SSL relies on the concept of “public key cryptography” to accomplish these tasks. In normal encryption, the two parties communicating share a “password” and that password is used to both encrypt and decrypt messages. While this is fast and efficient, how do you communicate these passwords to people you have not yet met in a way that is itself secure?
In “public key cryptography”, each person has two keys — a “public” key and a “private” key. Anything encrypted with the user’s public key can only be decrypted with the private key and vice versa. Each person then tells the world what his public key is and keeps his private key safe and secure, and private.
If John sends Mary a message encrypted with Mary’s public key, then only Mary can open it, as only she has her private key. This is like an envelope that anyone can seal but which only Mary can open.
If John sends Mary a message encrypted with John’s private key, then anyone can open it, as everyone has access to John’s public key. However, successfully opening the message proves that it was sent by John and no one else, as only John has access to his private key. This is like an envelope that only John can seal, but which anyone can open and thus prove that John sealed it.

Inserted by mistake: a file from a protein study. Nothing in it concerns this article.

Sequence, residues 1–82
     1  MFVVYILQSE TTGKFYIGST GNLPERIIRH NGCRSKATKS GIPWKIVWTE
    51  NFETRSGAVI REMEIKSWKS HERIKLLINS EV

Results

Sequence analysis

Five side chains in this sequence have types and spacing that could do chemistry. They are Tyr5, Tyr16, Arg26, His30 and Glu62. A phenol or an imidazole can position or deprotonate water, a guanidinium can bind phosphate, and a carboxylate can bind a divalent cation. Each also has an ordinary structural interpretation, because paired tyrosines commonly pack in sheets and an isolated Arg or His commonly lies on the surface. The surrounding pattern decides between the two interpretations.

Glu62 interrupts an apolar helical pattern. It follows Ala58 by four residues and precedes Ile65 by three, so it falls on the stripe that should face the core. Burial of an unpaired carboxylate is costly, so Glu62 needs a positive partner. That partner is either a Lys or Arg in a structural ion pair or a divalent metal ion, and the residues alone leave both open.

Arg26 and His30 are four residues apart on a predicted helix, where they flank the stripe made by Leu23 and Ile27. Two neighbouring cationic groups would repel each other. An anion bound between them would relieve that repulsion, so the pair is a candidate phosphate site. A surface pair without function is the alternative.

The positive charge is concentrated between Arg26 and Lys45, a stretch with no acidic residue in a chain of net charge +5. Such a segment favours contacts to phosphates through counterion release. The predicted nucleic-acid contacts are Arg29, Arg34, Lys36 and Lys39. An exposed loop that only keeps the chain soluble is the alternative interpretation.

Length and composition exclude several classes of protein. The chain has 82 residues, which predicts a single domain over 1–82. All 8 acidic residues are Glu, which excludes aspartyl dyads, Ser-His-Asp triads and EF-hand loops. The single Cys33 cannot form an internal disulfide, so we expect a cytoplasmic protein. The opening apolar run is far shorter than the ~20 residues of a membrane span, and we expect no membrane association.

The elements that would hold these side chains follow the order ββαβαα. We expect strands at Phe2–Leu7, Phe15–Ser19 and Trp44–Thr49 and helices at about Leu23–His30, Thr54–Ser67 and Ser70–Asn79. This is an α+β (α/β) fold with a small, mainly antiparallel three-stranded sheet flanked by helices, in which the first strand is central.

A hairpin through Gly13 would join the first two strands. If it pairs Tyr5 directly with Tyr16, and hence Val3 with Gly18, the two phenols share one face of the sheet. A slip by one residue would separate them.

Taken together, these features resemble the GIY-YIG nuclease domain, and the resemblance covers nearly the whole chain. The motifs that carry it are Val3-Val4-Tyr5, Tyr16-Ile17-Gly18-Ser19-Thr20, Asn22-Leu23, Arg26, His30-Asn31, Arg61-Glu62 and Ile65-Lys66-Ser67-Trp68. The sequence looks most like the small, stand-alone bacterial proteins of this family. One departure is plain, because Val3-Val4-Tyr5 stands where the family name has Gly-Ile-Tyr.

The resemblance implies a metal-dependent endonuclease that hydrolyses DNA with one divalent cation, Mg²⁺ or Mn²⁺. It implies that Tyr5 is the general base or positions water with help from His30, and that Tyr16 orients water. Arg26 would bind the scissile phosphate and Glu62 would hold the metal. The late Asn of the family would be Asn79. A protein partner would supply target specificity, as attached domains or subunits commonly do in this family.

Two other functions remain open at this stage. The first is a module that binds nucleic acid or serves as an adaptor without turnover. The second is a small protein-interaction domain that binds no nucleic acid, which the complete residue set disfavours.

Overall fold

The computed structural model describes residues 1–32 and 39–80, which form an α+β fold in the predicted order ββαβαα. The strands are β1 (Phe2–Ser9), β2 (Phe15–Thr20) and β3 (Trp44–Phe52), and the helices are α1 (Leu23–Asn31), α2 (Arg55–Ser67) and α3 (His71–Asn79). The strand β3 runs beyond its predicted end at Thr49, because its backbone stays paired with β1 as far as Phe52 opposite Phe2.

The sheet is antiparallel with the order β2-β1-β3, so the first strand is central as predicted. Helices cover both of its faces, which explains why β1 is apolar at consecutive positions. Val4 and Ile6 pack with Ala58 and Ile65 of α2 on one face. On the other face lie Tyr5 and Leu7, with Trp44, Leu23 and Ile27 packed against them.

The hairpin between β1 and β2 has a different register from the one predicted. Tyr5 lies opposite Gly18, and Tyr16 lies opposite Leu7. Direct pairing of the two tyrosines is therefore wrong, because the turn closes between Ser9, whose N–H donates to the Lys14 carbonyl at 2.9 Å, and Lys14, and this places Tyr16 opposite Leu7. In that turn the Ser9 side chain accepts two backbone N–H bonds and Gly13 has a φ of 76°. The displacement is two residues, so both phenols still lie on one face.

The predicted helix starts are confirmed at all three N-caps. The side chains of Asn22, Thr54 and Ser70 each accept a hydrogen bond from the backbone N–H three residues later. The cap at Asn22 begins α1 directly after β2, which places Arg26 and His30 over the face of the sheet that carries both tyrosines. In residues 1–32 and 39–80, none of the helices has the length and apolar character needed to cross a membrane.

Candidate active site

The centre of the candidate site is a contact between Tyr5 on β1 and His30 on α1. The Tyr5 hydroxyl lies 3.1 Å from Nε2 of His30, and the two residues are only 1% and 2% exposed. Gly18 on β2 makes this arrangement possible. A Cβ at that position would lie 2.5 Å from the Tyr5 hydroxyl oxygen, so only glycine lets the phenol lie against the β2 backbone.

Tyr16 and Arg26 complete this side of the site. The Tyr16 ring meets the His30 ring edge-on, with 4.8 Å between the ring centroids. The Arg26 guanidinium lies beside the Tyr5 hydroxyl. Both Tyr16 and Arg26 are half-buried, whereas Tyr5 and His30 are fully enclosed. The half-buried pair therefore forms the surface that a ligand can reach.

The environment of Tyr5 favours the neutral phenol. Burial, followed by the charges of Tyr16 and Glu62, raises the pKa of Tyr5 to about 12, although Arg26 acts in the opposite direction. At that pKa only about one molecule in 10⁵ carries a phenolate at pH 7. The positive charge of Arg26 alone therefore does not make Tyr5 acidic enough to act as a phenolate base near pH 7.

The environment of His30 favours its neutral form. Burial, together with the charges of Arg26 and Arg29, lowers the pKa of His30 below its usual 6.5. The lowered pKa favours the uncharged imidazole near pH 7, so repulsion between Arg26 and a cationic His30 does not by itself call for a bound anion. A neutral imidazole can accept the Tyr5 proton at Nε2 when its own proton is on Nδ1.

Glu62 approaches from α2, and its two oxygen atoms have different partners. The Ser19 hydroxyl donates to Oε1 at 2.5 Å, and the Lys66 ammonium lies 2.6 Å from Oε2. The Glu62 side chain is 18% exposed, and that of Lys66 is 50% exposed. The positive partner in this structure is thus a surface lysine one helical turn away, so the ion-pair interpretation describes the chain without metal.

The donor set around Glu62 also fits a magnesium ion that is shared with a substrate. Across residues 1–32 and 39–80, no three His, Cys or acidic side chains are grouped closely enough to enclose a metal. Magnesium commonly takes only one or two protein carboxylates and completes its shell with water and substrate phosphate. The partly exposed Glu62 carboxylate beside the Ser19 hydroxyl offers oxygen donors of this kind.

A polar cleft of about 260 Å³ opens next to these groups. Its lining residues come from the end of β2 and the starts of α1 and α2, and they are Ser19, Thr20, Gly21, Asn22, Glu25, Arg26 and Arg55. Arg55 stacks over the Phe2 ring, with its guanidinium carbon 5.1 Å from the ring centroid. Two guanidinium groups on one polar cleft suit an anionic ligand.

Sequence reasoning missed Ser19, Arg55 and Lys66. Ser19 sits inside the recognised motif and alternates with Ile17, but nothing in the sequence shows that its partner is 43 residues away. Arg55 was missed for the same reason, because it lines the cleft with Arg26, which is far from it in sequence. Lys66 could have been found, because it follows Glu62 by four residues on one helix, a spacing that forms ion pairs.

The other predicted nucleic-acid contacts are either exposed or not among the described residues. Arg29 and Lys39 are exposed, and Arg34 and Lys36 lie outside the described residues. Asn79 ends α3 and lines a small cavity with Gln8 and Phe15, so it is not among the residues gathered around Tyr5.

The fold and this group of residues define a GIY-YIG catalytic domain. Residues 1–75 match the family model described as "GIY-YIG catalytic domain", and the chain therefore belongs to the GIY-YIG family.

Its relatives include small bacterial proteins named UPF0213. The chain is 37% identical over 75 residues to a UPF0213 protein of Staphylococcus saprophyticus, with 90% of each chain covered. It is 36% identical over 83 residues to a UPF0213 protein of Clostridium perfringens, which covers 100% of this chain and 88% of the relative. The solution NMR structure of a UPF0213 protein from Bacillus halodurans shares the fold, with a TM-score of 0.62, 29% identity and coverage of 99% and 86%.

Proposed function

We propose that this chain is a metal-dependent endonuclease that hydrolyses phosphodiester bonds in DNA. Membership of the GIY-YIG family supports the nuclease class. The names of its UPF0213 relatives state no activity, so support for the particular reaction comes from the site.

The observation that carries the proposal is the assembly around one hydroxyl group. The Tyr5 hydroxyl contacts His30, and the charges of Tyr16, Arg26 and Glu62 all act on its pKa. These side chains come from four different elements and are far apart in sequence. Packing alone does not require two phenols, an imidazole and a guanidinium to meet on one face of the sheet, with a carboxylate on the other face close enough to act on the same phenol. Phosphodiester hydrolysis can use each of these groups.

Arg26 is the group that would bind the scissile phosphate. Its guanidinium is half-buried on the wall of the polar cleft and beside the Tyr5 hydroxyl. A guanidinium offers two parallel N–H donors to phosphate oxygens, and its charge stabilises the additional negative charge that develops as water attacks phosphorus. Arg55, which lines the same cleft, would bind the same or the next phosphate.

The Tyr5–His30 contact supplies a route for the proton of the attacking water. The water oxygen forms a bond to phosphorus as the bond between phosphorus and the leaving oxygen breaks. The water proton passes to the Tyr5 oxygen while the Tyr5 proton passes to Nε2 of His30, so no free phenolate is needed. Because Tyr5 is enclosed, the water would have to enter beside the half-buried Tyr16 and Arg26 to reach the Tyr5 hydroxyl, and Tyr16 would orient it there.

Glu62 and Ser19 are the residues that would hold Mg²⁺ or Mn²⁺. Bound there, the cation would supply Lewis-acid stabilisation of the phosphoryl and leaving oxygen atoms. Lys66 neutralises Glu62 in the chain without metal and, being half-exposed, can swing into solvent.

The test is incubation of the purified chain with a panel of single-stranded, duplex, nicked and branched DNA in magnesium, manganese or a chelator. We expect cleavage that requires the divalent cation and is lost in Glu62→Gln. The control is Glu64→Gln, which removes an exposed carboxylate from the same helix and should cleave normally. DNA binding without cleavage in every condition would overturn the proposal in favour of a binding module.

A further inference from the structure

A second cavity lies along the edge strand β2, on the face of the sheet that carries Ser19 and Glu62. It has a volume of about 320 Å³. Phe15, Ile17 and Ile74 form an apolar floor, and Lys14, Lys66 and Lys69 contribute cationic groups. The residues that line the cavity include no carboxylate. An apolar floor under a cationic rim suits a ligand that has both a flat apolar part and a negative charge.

SSL in Action
So, let’s see how SSL actually works for securing your communications over the Internet. Before the communications occur, the following takes place:
- A company wishes to secure communications to their server company.com.
- They create a public and private key for company.com (this is also known as as “SSL Certificate“).
- They go to a trusted third party company such as Thawte or Verisign: Thawte makes the company prove its identity and right to use the company.com domain. This usually involves a lot of paperwork and paying a hefty fee.
- Once the verification is complete, Thawte gives the company a new public key that has some additional information in it. This information is the certification from Thawte that this public key is for the company and company.com and that this is verified by Thawte. This certification information is encrypted using Thawte’s private key… we will see why below.